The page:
“At first I had a hard time identifying what the official logo of Sochi is,” says designer Lance Wyman of the 2014 Sochi Winter Olympics identity, which consists only of the Olympic rings and the website of the games, sochi.ru. Wyman is well positioned to comment on graphic design around the Sochi Games as well as changes in the field: he’s the creator of one of the most celebrated design systems in history, the identity for the 1968 Mexico Olympics. “It still isn’t clear in my mind, so I guess the branding is going to rely on it along with other images.” In anticipation of his appearance at the 2014 Insights Design Lecture series, Wyman shares his thoughts on Sochi and the challenges that Olympics branding faces today:
At first I had a hard time identifying what the official logo of Sochi is. It still isn’t clear in my mind, so I guess the branding is going to rely on it along with other images. I have been impressed by the use of quilt-like textures made from indigenous Russian patterns that have been applied to uniforms and souvenir objects, though the sports icons, which are heavily stylized, don’t give me a sense of relating to Sochi.
I think the Olympic identities of the last few years express a need for new branding strategies. There are so many interests vying for attention and so much exposure that a more integrated approach is required. The identity of the Olympics themselves has to compete with the commercial exposure needs: the overblown opening and closing ceremonies, security requirements, restrictions to prevent knock-offs, etc. The resulting Olympic branding image is fragmented.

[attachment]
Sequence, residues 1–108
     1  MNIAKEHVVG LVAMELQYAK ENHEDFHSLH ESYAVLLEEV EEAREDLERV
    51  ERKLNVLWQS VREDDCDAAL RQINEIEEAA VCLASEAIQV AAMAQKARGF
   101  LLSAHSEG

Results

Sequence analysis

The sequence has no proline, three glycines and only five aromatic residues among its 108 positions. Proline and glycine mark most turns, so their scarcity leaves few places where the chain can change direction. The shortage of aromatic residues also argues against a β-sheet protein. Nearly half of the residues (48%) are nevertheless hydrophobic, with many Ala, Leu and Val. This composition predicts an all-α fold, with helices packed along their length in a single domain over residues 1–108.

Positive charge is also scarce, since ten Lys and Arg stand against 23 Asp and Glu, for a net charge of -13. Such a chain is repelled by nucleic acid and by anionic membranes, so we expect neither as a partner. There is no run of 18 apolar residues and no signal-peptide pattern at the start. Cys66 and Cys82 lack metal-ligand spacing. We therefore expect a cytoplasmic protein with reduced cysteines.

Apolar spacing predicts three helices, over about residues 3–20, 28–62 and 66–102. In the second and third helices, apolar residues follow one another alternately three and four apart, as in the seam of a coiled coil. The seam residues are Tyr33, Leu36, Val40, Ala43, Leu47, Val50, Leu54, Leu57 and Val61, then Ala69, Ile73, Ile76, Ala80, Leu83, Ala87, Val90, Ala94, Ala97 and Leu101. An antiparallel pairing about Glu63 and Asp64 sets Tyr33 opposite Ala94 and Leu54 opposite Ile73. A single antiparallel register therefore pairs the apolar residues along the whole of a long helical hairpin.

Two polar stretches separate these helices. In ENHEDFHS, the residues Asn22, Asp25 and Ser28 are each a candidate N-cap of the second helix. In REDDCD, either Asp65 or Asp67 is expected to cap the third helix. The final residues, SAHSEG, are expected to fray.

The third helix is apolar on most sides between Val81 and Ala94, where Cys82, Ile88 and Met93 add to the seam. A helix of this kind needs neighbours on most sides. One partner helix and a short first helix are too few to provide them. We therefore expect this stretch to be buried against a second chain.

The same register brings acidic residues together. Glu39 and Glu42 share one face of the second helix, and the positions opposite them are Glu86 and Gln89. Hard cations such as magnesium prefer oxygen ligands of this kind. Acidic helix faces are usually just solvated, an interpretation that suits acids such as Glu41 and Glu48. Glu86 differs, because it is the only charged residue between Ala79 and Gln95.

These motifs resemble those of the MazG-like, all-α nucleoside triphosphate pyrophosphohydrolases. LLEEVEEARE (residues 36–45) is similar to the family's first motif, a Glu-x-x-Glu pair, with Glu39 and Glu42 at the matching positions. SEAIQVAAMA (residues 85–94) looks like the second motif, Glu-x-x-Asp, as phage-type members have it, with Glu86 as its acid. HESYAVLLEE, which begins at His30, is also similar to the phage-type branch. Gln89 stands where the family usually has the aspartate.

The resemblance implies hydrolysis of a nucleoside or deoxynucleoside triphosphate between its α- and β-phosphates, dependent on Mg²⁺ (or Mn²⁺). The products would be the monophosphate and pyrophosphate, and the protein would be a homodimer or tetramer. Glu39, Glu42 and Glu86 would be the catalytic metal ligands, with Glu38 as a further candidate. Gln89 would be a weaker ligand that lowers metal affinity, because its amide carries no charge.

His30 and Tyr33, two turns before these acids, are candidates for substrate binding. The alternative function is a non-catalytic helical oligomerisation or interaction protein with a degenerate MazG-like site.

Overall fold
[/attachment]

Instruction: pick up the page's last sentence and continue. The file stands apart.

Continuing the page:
I think it is very difficult to have a strong identity that works for all. The five-ring Olympic logo has been kept intact since the inception of the modern Olympics. That’s been a boon, a consistent branding image that has done its job well. The problem starts with the attempt to identify the host country in a way that is compatible with the rings. The common attitude in corporate branding is to stay away from the basic logo, don’t get too near it with other elements, other colors, etc. There are elaborate corporate manuals spelling out all of these rules. The result in the case of the Olympics is often two logos that vie for attention. Even at its best, this is a difficult strategy when it comes to applying a branding image to the Games. Using a strong style for event symbols that suggests the culture of the host nation has been successfully used as a method of creating a sense of place without interfering or fighting with the image of the five-ring Olympic logo.
I think the purpose of the ancient games was to get together in peace, to put down the arms and have a friendly sports competition. Whether that was ever really accomplished I don’t know, but I still like the thought. As technology enables the Olympics to really become the focus of a global audience maybe that’s a good thought to make real.
Read my conversation with Wyman on the aesthetic and cultural back-story of his designs for the 1968 games.